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My Experience of Exercise ASKARI THUNDER by Lance Corporal A S Parker, The Blues and Royals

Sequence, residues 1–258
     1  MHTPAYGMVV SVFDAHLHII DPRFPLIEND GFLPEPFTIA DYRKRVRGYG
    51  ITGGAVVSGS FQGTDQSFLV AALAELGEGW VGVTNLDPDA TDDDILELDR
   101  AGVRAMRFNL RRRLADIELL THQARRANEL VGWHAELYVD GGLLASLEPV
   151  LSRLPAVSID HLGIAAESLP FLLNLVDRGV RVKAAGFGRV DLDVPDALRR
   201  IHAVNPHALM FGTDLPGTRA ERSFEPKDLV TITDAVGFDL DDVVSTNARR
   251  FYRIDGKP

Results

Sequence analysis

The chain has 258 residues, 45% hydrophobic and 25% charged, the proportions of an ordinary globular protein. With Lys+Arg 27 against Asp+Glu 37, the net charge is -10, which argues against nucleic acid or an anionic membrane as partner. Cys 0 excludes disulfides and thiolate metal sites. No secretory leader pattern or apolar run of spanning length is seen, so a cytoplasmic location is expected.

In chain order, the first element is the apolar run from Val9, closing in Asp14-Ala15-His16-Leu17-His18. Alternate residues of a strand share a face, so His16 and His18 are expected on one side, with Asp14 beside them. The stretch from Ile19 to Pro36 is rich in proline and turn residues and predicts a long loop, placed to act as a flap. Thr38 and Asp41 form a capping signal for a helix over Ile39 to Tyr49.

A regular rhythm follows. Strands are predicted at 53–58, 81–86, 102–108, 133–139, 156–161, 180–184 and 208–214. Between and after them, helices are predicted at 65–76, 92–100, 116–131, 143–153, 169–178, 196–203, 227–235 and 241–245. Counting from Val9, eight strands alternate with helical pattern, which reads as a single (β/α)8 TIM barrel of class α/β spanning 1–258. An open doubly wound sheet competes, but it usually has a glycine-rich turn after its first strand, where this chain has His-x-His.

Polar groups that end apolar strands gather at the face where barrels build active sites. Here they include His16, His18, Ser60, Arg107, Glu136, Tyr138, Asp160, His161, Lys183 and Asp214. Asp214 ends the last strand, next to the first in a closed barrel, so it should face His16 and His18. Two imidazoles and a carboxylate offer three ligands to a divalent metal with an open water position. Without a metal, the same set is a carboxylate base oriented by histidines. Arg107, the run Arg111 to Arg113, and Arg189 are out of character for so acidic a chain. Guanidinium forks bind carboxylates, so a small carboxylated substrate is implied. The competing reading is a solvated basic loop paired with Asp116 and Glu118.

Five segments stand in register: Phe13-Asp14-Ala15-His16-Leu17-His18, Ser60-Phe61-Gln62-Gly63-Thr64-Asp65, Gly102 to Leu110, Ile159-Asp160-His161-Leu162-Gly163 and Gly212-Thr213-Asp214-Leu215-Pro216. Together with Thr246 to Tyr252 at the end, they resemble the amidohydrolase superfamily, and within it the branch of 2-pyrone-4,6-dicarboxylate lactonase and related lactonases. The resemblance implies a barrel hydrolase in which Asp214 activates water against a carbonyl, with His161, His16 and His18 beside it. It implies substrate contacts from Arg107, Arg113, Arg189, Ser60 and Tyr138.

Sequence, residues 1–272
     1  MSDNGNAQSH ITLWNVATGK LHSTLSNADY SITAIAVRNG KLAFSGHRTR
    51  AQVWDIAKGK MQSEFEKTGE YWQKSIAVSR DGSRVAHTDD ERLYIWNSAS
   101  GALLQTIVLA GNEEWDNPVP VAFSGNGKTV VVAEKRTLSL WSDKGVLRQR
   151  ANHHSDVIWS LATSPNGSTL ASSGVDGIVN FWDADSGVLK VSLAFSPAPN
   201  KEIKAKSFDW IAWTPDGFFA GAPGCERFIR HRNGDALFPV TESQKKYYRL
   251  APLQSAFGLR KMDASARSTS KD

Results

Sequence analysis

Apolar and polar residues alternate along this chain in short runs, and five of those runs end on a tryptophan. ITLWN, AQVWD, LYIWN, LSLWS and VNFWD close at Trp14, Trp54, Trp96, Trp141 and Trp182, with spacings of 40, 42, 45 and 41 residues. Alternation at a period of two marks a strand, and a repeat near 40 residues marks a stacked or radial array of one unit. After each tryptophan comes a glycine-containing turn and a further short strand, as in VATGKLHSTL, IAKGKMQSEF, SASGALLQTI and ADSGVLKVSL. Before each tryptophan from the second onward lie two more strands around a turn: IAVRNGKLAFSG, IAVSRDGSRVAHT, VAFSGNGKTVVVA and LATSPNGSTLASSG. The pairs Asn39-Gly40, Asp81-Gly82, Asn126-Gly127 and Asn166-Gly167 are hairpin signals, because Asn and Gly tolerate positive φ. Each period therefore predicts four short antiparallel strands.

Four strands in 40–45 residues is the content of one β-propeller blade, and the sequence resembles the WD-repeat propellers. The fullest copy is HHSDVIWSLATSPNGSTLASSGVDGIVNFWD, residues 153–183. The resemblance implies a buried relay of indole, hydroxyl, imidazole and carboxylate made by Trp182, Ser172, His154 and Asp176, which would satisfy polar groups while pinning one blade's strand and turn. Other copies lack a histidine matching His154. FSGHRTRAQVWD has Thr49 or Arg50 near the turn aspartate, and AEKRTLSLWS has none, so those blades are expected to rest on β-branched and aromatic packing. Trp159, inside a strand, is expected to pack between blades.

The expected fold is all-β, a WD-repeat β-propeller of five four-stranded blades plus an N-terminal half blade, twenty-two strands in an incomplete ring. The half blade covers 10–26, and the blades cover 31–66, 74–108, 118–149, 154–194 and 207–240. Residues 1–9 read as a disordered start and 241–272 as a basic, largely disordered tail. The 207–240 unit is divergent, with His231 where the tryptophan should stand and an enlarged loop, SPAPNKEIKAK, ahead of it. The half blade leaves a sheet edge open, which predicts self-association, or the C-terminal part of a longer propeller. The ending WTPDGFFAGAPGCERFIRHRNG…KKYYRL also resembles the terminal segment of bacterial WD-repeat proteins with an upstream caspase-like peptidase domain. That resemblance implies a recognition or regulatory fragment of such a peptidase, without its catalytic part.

s soon as 2016 kicked off, the Squadron was straight back into the routine training we conduct annually, beginning with CATT/CAST. A number of us were, however, lucky enough to be picked to deploy to Kenya on Exercise ASKARI THUNDER as enemy forces against the 1st Grenadier Guards Battle Group. Those chosen were primarily from the Regiment’s Support Troops and Guided Weapons Troops as they would benefit most from the dismounted focus of the pre-deployment training and exercise thereafter. We began our training straight after Easter leave with various range packages and fitness build up training, culminating in a full LFTT package in Warcop with a slick live-fire company attack across the area to give us that warm fuzzy feeling that we were ready to dismount our wagons and take on the Foot Guards at what they do best and in a testing environment too. Eventually, it came time to pack our bergans and get on the plane and for many there was a great deal of excitement mixed with anticipation as, since operational deployments around the world have dried up, this would be the first time deploying to a hot and somewhat hostile (if only from the thorny bushes and camel spiders in the areas we’d be training in) part of the world. I myself am South African born and bred, however, I have not been back in 12 years so for me it was the perfect opportunity to get back to Mother Africa and embrace all that I’ve been missing since moving to the UK - mostly the sun, which as soon as we stepped off the plane hit us like a freight train and we knew then even before starting the exercise that it would be as much of a test for us as it would for the Grens. The initial period in the days upon arrival were spent acclimatising and taking over vehicles, which thankfully were only TCVs and land rovers and nothing with a track on it. We were staying in Laikipia Air Base East, a Kenyan Air Force base. We got a chance to head down to the lo-